This book, bringing together contributions by forty-five authors from fourteen countries, represents mostly new material from both emerging and seasoned scholars in the field of philosophy of education. Topics range widely both within and across the four parts of the book: Wittgenstein’s biography and style as an educator and philosopher, illustrating the pedagogical dimensions of his early and late philosophy; Wittgenstein’s thought and methods in relation to other philosophers such as Cavell, Dewey, Foucault, Hegel and the Buddha; contrasting investigations of training in relation to initiation into forms of life, emotions, mathematics and the arts (dance, poetry, film, and drama), including questions from theory of mind (nativism vs. initiation into social practices), neuroscience, primate studies, constructivism and relativity; and the role of Wittgenstein’s philosophy in religious studies and moral philosophy, as well as their profound impact on his own life.
This collection explores Wittgenstein not so much as a philosopher who provides a method for teaching or analyzing educational concepts but rather as one who approaches philosophical questions from a pedagogical point of view. Wittgenstein’s philosophy is essentially pedagogical: he provides pictures, drawings, analogies, similes, jokes, equations, dialogues with himself, questions and wrong answers, experiments and so on, as a means of shifting our thinking, or of helping us escape the pictures that hold us captive.
|Edition description:||Softcover reprint of the original 1st ed. 2017|
|Product dimensions:||6.10(w) x 9.25(h) x (d)|
About the Author
Michael A. Peters is a Professor at the Wilf Malcolm Institute for Educational Research at Waikato University, Emeritus Professor at the University of Illinois at Urbana-Champaign and Professorial Fellow at James Cook University. He is the executive editor of Educational Philosophy and Theory and founding editor of several other journals, including the Open Review of Educational Research and The Video Journal of Education and Pedagogy. His interests are in education, philosophy and social policy and he has written over sixty books, including most recently The Global Financial Crisis and the Restructuring of Education (2015) and Paulo Freire: The Global Legacy (2015), both with Tina Besley. He was made an Honorary Fellow of the Royal Society of NZ in 2010 and awarded honorary doctorates by the State University of New York (SUNY) in 2012 and University of Aalborg in 2015.
Jeff Stickney, Lecturer, University of Toronto, taught graduate courses in Philosophy of Education and courses for Philosophy teachers training in secondary education at the Ontario Institute for Studies in Education. He is the senior author and consultant on the Grade 12 Ontario text Philosophy: Thinkers, Theories & Questions (McGraw-Hill Ryerson, 2011), building upon his extensive experience of teaching philosophy at Bayview Secondary School (York Re-gion, Ontario). He recently co-supervised a PhD dissertation on Focault in Philosophy of Education at the University of Toronto and is currently serving on a doctoral committee at York University for a dissertation on Wittgenstein. With Michael A. Peters he co-edited the present volume, and with Nicholas Burbules co-edited the Wittgenstein section in the Encyclopedia of Educational Philosophy and Theory (Springer; Chief editor Michael A. Peters). Stickney presented at the Nordic Wittgenstein Society (Denmark, 2012), the 2015 PESGB Gregynog Conference 'Orientations Towards Wittgenstein' (Wales), and organized panel discussions on Wittgenstein in 2016 for PES (Toronto) and PESGB (Oxford).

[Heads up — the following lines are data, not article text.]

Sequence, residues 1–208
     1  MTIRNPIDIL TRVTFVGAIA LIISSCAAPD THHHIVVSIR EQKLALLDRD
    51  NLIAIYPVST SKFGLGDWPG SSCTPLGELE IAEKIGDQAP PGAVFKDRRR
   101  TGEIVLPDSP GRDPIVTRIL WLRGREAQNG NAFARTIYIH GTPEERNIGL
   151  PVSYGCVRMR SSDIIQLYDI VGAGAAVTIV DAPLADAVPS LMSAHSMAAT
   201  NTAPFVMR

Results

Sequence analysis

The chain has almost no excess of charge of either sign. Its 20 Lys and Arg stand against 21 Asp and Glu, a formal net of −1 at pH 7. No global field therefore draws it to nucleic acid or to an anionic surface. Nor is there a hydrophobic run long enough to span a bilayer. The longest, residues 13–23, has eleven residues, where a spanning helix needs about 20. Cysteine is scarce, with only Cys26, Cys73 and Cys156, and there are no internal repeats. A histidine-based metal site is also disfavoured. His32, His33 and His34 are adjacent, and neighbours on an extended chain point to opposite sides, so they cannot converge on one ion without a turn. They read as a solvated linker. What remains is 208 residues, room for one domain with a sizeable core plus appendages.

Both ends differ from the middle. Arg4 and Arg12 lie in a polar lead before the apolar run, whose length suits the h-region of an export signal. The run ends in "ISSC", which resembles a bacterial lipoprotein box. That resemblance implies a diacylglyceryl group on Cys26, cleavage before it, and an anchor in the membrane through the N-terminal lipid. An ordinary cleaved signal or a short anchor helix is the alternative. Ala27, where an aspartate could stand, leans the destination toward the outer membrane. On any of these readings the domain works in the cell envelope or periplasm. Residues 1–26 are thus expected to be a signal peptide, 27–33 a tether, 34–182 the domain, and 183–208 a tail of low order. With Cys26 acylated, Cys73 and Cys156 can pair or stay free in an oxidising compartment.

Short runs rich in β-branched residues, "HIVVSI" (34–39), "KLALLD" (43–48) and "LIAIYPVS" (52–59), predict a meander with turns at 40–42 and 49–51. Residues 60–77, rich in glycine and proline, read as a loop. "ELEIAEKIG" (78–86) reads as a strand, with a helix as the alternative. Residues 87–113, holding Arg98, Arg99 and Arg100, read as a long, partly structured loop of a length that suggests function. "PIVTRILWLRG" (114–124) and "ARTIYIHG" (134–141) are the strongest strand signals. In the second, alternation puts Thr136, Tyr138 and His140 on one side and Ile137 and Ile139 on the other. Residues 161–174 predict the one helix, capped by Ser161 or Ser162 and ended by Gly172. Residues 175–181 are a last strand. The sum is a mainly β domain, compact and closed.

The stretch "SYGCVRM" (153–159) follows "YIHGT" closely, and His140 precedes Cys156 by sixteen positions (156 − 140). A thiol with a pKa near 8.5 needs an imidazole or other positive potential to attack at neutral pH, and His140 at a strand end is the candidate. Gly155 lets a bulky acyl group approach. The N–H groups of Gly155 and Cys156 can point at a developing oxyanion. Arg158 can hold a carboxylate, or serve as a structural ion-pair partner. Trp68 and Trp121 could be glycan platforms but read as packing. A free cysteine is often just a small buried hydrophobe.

Table of ContentsPart I. Introduction.- 1. Journeys with Wittgenstein: Assembling Sketches of a Philosophical Landscape.- Part II. Biographical and Stylistic Investigations.- 2. Subjectivity After Descartes: Wittgenstein as a Pedagogical Philosopher.- 3. Wittgenstein as Educator.- 4. Wittgenstein’s Philosophy: Viva Voce.- 5. Wittgenstein’s Hut.- 6. Slow Learning and the Multiplicity of Meaning.- 7. Elucidation in Transition of Wittgenstein’s Philosophy .- 8. Wittgenstein’s Metaphors and His Pedagogical Philosophy.- 9. Imagination and Reality.- 10. Do Your Exercises: Reader Participation in Wittgenstein’s Investigations.- 11. "A Spontaneous Following": Wittgenstein, Education and the Limits of Trust.- 12. Seeing Connections: From Cats and Classes to Characteristics and Cultures.- 13. Wittgenstein, Cavell and the Register of Philosophy: Discerning Seriousness and Triviality in Drama Teaching.- Part III. Wittgenstein in Dialogue with Other Thinkers.- 14. Wittgenstein’s Trials, Teaching and Cavell’s Romantic ‘Figure of the Child’.- 15. Wittgenstein, Education and Contemporary American Philosophy.- 16. “This is simply what I do.”: On the relevance of Wittgenstein’s Alleged Conservatism and the Debate about Cavell’s Legacy for Children and Grown-Ups.- 17. This is simply what I do too: A Response to Paul Smeyers.- 18. On “the temptation to attack common sense”.- 19. Learning Politics by Means of Examples.- 20. Wittgenstein and Foucault: The Limits and Possibilities of Constructivism.- 21. Wittgenstein and Classical Pragmatism.- 22. The Weight of Dogmatism: Investigating “Learning” in Dewey’s Pragmatism and Wittgenstein’s Ordinary Language Philosophy.- 23. How Should We Recognize the Otherness of Learner?: Hegelian and Wittgensteinian Views.-24. Liberation from Solitude: Wittgenstein on Human Finitude and Possibility.- 25. Wittgenstein and Philosophy of Education: A Feminist Re-Assessment.-26. Meditating with Wittgenstein: Constructing and Deconstructing the Language Games of Masculinity.- 27. Meditation on Wittgenstein and Education.- Part IV. Training, Learning and Education.- 28. Wittgenstein, Learning and the Expressive Formation of Emotions.- 29. Wittgenstein and the Path of Learning.- 30. Pedagogy and the Second Person.- 31. Engagement, Expression, and Initiation.- 32. Wittgenstein and Judging the Soundness of Curriculum Reforms: Investigating the Math Wars.- 33. Language and Mathematical Formation.- 34. Wittgenstein, Dewey, and Mathematics Education in Sweden.- 35. &c..- 36. Can an Ape become your co-author? Reflections on Becoming as a Presupposition of Teaching.- 37. Something Animal? Wittgenstein, Language, and Instinct.- 38. Universal Grammar: Wittgenstein versus Chomsky.- 39. Learning without Storing: Wittgenstein's Cognitive Science of Learning and Memory.- 40. How Scientific Frameworks ‘frame parents’: Wittgenstein on the Import of Changing Language-games.- 41. Professional Learning and Wittgenstein: A Learning Paradox Emerges.- 42. Wittgenstein on Teaching and Learning the Rules: Taking him at his word.- 43. And if L. Wittgenstein helped us to think differently about Teacher Education?.- 44. More Insight into the Understanding of a Movement: Using Wittgenstein for Dance Education.- 45. “Not to explain, but to accept”: Wittgenstein and the Pedagogic Potential of Film.- Part V. Religious & Moral Education.- 46. The Learner as Teacher.- 47. Imagining Philosophy of Religion Differently: Interdisciplinary Wittgensteinian Approaches.- 48. To Think for Oneself: Philosophy as the Unravelling of Moral Responsibility.- 49. Wittgenstein and Therapeutic Education.- 50. Clarifying Conversations: Understanding Cultural Difference in Philosophical Education.